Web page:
An abdominal radiograph is helpful for excluding other causes of acute
abdominal pain, such as obstruction and perforation.
The abdominal (or chest radiograph) is not diagnostic and frequently
normal or may demonstrate:
1. sentinel loop
2. colon cut off
3. diffuse ileus
4. pleural effusion
Acute Pancreatitis
Plain films
The abdominal radiograph is not diagnostic and frequently normal or may
demonstrate:
1. sentinel loop
2. colon cut off
Sentinel loop 3. diffuse ileus
4. pleural effusion
a focal dilated
proximal jejunal
loop in the left
upper quadrant
Acute Pancreatitis
Plain films
The abdominal radiograph is not diagnostic and frequently normal or may
demonstrate:
1. sentinel loop
2. colon cut off
3. diffuse ileus
4. pleural effusion
distention of the colon
to the transverse
colon with a paucity of
gas distal to the
splenic flexure
Acute Pancreatitis
US Findings
Although transabdominal ultrasound is poorly reliable for imaging
the pancreas itself, it is the best initial radiographic test for the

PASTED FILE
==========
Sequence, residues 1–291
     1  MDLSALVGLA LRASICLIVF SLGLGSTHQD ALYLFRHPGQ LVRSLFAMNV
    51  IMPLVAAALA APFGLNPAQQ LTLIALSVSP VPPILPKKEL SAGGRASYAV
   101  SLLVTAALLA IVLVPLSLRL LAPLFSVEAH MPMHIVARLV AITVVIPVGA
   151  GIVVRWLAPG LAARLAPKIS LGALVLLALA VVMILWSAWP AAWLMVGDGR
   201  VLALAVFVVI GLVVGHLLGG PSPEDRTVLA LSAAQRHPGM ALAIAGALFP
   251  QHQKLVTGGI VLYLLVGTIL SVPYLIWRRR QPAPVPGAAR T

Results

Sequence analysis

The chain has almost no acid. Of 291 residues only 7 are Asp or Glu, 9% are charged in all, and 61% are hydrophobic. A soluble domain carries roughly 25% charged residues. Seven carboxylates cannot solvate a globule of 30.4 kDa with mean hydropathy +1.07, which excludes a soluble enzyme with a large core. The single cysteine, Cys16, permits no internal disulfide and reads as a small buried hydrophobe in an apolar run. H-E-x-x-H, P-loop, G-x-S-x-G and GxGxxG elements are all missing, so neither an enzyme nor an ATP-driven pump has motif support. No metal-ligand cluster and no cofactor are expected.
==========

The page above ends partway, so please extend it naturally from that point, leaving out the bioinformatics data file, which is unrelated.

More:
evaluation of mild AP because:
1.
2.
3.
it detects gallstones as a potential cause,
it rules out acute cholecystitis as a differential cause of pain and
hyperamylasemia, and
it detects biliary dilatation suggestive of the need for early
endoscopic retrograde cholangiopancreatography (ERCP).
The pancreas may appear completely normal
in mild cases of acute pancreatitis.
Acute Pancreatitis
US Findings
1. In the early stages of
acute pancreatitis, the
gland may not show
swelling. When swelling
does occur, the gland is
hypoechoic to anechoic
because of the increased
edema.
2. On the longitudinal scan,
the swollen head of the
pancreas may
compress the inferior
vena cava.
Image shows that pancreatic echogenicity is within normal limits, but the